Latino success stories in higher education: A qualitative study of recent graduates from a health science center. Page: 55
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of Public Health in the 2003-2004 academic year; therefore, the academic year 2003-2004 was
initially chosen as the population from which to find potential interview participants.
In the 2003-2004 academic year, the institution had more Latino graduates than in any
previous year with 26; however, 17 of those graduates received master's degrees, eliminating
them from the potential pool of interview participants. Only 9 doctoral students remained in the
potential pool. Of those 9 doctoral students, 7 received the doctor of osteopathic medicine
degree, and 2 received the doctor of public health degree. The School of Biomedical Sciences
had no doctoral graduates of Latino descent in the 2003-2004 academic year, which posed
another problem. Since a lack of potential graduates of Latino descent from the School of
Biomedical Sciences would not be representative of its total proportion of Latino graduates to
date, which is almost 9%, the academic year of 2003-2004 was eliminated (Fact Book, 2006).
In the 2004-2005 academic year, 7 Latino students earned the doctor of osteopathic
medicine degree, 3 Latino students earned the doctor of public health degree, and 1 Latino
student earned a doctor of philosophy degree from the Graduate School of Biomedical Sciences.
Because the academic year 2004-2005 had representatives from each school that currently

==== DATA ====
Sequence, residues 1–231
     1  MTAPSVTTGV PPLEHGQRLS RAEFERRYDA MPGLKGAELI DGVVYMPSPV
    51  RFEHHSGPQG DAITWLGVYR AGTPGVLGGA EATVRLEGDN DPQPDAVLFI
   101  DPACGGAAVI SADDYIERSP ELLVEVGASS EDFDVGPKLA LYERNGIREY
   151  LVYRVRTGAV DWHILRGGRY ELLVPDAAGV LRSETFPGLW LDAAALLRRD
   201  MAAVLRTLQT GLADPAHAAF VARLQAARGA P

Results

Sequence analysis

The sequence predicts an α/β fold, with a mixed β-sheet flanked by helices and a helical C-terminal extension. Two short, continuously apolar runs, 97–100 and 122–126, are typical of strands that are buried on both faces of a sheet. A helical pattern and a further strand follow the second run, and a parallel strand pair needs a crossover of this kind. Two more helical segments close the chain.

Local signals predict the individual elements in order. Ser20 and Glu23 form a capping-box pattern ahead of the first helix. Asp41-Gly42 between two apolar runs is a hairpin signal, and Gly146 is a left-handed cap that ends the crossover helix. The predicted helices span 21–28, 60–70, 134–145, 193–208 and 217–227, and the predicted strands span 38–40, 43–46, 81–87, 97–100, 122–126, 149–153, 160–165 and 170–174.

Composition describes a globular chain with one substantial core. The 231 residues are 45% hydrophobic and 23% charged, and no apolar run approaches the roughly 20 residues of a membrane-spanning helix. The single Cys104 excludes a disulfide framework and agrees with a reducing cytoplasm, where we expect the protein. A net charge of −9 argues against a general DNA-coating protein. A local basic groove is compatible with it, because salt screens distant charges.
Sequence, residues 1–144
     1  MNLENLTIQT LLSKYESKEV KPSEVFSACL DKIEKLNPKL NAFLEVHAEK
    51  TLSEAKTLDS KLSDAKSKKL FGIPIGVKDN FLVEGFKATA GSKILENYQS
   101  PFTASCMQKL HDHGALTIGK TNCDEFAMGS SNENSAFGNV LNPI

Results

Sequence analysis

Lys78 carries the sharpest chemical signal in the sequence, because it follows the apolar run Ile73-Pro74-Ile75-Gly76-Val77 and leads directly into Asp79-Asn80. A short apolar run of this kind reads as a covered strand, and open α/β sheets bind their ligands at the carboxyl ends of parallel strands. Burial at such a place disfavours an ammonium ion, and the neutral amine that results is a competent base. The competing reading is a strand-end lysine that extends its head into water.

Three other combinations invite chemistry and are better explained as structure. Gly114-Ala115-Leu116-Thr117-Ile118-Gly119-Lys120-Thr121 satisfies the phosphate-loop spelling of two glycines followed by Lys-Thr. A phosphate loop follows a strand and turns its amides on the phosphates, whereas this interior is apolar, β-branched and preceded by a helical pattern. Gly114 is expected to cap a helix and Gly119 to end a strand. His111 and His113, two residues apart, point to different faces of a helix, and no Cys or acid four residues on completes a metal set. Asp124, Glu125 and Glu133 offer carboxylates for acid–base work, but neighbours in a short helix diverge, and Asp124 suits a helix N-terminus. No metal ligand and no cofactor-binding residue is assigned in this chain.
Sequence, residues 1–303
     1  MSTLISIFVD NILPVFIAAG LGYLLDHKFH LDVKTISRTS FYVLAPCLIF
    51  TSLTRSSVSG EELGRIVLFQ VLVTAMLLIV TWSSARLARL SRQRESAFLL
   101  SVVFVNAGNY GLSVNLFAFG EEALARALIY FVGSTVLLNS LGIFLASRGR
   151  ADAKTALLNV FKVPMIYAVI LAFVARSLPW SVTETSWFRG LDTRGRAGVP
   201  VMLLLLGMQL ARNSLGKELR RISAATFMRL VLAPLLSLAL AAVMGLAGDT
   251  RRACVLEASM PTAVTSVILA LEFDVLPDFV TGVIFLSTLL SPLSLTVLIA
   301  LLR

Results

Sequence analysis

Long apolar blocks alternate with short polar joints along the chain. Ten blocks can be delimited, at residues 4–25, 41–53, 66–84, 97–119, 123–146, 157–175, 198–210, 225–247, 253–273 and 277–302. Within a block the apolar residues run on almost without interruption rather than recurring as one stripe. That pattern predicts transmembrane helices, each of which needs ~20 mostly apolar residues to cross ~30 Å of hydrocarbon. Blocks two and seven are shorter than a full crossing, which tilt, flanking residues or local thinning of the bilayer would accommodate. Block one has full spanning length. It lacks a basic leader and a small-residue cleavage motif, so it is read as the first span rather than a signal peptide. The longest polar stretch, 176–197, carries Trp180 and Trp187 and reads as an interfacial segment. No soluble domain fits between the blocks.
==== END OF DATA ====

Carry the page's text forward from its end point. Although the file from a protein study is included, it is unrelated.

offered doctoral degrees at this health science center, I chose the academic year 2004-2005 as the
population from which to sample. Former students who participated in the study were chosen
based on convenience sampling, the snowball effect, and willingness of potential interviewees to
participate in the study. Four graduates from the population of 11 agreed to participate in the
study. Two participants graduated from the medical school; one participant graduated from the
School of Public Health, and one participant graduated from the Graduate School of Biomedical
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Colley, Kay Lynne. Latino success stories in higher education: A qualitative study of recent graduates from a health science center., dissertation, May 2007; Denton, Texas. (digital.library.unt.edu/ark:/67531/metadc3687/m1/65/: accessed December 16, 2017), University of North Texas Libraries, Digital Library, digital.library.unt.edu; .